Review Summary: Let's hope that the Blue Stahli show has just begun
While it didn’t turn the industrial music world upside down, Blue Stahli's pre-debut compilation Antisleep Vol. 01
did prove to be, at the least, a light-hearted and eclectic mix of electro-rock with a dancey feel bound to forge expectations for the project’s first album. Even if the compilation did lack a certain theme to it, the musical side itself was splendid, with Brent Autrey, the man behind Blue Stahli, effortlessly switching from heavier industrial rock cuts to danceable electro-rock/big beat hybrids to his own experimental electro style, which included dominant break beats, driving tempos, delicate guitar backing, varied loops and quirky, swirling electronic effects. It basically sounded like Autrey decided to throw together as many electronica/industrial styles and effects as possible and somehow made it all work. With that in mind, it might come as a surprise that for his debut album, Autrey has adopted a more conventional industrial metal style. But there is no need to fear, because the man clearly knows how to make a great record.
To be honest, while I did say that this change in direction is a little surprising when looking at the experimental leanings of Antisleep Vol. 01
, the circumstances were very favorable, seeing as how Blue Stahli is under Klayton’s (ex-Circle of Dust and Argyle Park, current Celldweller) FiXT label, which prides on pumping out exactly the kind of smooth industrial rock/metal that is featured on Blue Stahli’s self-titled debut. Besides, songs like "OVERklock" and "88 Rounds Per Minute" off Antisleep Vol. 01
demonstrated how well this style suited for Autrey. And while the cool, swirling electronics and tightly formed break beats have given a lot more leeway for brisk guitars, they are still there, important as ever.
The album's first cut, "ULTRAnumb", gives moderate indication what the rest might sound like while simultaneously leaving some loose ends. Sharp guitars attack the listener right away, with fuzzy, laid-back beats and high-octane, ever-swirling electronic effects tightening and thickening the sound. It is energetic as hell and versatile enough because the guitars, while salient, leave enough room for the electronics, not to mention Autrey's vocals that are mixed perfectly, being dominant but never obtrusive. The rest of the album follows suit, more or less, with Autrey playing with the balance between electronics and guitars, so that the more metal tracks hit harder, the in-between ones stay interesting throughout and the ones leaning more on electronics slow down the generally fast-paced tempo to exhibit the more relaxed side of the album, only to let the following cut raise the intensity levels up again. This constant back and forth movement between guitars and electronics gives Blue Stahli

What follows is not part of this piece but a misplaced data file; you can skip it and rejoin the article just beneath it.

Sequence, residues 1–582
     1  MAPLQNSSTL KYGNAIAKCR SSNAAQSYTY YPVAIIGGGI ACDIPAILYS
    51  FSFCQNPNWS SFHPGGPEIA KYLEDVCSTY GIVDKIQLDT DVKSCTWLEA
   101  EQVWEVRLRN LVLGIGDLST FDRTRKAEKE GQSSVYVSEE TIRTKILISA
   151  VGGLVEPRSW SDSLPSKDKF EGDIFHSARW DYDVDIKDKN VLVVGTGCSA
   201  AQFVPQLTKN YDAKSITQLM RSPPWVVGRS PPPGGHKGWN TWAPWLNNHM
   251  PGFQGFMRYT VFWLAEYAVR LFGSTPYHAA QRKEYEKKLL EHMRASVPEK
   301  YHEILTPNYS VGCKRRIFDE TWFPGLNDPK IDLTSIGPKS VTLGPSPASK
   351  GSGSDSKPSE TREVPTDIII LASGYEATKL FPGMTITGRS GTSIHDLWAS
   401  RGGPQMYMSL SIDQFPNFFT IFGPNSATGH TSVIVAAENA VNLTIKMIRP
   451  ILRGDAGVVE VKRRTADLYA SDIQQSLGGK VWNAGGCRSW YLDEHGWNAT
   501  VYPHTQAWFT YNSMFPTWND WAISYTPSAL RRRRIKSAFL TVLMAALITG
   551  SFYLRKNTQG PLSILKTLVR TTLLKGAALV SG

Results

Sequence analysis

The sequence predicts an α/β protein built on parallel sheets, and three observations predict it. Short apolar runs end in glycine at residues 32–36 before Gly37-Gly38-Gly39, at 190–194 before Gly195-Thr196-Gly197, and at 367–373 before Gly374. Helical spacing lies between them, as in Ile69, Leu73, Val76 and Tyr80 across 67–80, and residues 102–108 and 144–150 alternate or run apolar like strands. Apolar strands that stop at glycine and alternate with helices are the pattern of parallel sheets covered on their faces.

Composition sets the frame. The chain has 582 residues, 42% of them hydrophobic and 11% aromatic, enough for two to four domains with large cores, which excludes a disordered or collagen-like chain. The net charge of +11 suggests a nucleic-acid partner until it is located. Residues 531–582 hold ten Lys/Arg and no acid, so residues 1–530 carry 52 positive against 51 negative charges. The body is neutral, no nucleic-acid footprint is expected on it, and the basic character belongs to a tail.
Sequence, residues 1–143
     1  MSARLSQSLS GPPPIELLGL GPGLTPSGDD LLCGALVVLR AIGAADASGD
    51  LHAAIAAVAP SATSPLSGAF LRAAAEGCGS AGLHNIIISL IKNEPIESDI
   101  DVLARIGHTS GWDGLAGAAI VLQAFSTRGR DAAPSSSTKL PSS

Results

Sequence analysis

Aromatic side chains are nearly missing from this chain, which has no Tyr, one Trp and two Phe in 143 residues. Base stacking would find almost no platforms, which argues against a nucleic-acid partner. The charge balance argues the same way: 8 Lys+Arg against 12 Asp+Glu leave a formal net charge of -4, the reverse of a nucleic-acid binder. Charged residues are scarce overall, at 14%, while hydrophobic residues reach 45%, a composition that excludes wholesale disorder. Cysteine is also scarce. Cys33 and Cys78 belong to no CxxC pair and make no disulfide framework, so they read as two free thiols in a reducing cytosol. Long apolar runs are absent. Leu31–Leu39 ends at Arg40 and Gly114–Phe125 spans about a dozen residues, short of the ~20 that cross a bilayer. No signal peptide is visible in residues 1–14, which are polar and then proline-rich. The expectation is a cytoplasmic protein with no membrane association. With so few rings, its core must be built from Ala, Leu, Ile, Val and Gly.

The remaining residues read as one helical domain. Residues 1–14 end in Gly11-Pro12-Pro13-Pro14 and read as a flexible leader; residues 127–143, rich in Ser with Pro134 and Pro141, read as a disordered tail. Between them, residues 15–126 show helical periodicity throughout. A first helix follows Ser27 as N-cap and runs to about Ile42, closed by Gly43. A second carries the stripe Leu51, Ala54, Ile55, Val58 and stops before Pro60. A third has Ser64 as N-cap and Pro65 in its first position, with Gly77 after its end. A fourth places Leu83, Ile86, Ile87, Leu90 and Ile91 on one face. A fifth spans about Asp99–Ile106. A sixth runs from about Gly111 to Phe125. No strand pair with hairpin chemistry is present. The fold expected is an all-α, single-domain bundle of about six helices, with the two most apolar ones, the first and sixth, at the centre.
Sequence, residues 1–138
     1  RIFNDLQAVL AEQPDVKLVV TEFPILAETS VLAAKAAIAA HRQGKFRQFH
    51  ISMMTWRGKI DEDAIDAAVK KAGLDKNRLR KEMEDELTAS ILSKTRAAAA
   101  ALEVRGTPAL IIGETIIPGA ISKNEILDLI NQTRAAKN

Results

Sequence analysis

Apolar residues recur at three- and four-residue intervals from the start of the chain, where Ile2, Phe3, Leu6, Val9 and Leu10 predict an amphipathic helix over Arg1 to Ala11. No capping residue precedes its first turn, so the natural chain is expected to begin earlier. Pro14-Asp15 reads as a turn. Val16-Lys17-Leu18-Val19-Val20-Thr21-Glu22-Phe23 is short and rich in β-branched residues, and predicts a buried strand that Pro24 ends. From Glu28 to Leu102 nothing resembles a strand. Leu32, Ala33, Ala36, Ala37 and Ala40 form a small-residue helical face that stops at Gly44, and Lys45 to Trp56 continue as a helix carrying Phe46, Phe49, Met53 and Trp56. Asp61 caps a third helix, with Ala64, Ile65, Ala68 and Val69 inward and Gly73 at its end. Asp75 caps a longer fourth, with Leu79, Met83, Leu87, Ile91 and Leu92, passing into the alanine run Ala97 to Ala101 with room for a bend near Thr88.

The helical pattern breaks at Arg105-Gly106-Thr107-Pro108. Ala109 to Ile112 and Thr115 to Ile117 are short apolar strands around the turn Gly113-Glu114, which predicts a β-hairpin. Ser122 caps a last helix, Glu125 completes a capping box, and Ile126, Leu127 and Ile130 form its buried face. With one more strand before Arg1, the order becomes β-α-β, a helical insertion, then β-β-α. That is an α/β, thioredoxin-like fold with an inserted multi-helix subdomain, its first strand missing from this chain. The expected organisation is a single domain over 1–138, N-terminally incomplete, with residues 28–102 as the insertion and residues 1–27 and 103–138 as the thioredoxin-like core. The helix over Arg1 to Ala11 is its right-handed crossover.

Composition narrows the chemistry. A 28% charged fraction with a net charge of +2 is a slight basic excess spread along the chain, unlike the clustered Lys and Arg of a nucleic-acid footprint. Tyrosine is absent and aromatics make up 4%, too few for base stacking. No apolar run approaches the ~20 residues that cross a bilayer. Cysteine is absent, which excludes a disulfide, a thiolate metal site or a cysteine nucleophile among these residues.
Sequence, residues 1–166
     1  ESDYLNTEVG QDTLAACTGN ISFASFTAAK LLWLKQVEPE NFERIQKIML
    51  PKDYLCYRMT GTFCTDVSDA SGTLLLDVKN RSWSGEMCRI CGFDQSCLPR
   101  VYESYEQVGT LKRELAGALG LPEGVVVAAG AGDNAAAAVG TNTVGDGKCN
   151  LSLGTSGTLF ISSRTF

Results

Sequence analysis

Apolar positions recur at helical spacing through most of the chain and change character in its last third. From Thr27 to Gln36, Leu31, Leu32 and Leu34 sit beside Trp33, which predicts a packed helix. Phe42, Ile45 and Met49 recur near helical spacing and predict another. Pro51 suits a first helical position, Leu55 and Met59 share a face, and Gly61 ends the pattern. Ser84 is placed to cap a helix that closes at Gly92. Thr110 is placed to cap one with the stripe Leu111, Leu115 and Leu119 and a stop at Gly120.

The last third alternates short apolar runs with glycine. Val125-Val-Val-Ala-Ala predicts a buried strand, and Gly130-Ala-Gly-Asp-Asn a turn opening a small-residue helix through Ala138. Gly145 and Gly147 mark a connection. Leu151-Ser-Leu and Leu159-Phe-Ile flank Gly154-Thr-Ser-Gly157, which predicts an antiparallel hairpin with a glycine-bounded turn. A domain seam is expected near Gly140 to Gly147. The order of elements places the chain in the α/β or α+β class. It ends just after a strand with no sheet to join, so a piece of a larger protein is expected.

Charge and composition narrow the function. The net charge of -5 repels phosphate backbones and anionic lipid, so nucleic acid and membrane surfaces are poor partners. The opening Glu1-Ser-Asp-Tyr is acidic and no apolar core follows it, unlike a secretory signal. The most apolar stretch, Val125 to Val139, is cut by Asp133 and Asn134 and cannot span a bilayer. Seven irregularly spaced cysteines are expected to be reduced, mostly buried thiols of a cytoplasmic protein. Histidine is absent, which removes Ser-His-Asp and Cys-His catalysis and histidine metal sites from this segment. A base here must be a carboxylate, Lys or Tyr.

a mighty edge and boosts up its replay value as well, since all the songs sound vigorous and different from each other, all the while carrying forward the whole album's distinct feel.
My favorite part about the album though is the way it mixes utterly danceable rhythms with slithering guitars and great energy. Whether it be a guitar-driven track, like "Takedown", or an electronic affair, like "Kill Me Every Time", the album never ceases to offer smooth industrial rock tracks that just dare you to bust a move. It is so cleverly put together that this record should easily appeal to both open minded metalheads and club dwellers alike. You can almost picture this being played in both rock- and nightclubs simultaneously, and that's what makes Blue Stahli
so goddamn good.
The beats are turned down, the electronic effects are less crazy, the song structures are a lot more polished and it all sounds more orthodox, but at the end of the day, who cares as long as Blue Stahli still sounds this good? Of course I miss the eccentric approach and out of the blue effects of Antisleep Vol. 01
every now and then, but what Autrey has sacrificed in experimentation, he has gained in maturity. Blue Stahli
sounds a lot more cohesive, a lot more substantial than its predecessor, also boasting something Autrey’s previous works lacked - an identifiable theme. Besides, the trademark break beats and swirling electronics are still there, only this time, they share the stage with the guitars and are more restrained. The underline is that a more settled sound hasn't hurt the quality of Blue Stahli's music and his self-titled debut album is one excellent piece of smooth industrial metal. Now, if Bret Autrey could somehow mix the experimental side of Antisleep Vol. 01
with the more guitar-heavy stylings featured on Blue Stahli
, all the while retaining an identifiable feel, then he very well has a chance to rattle the industrial world.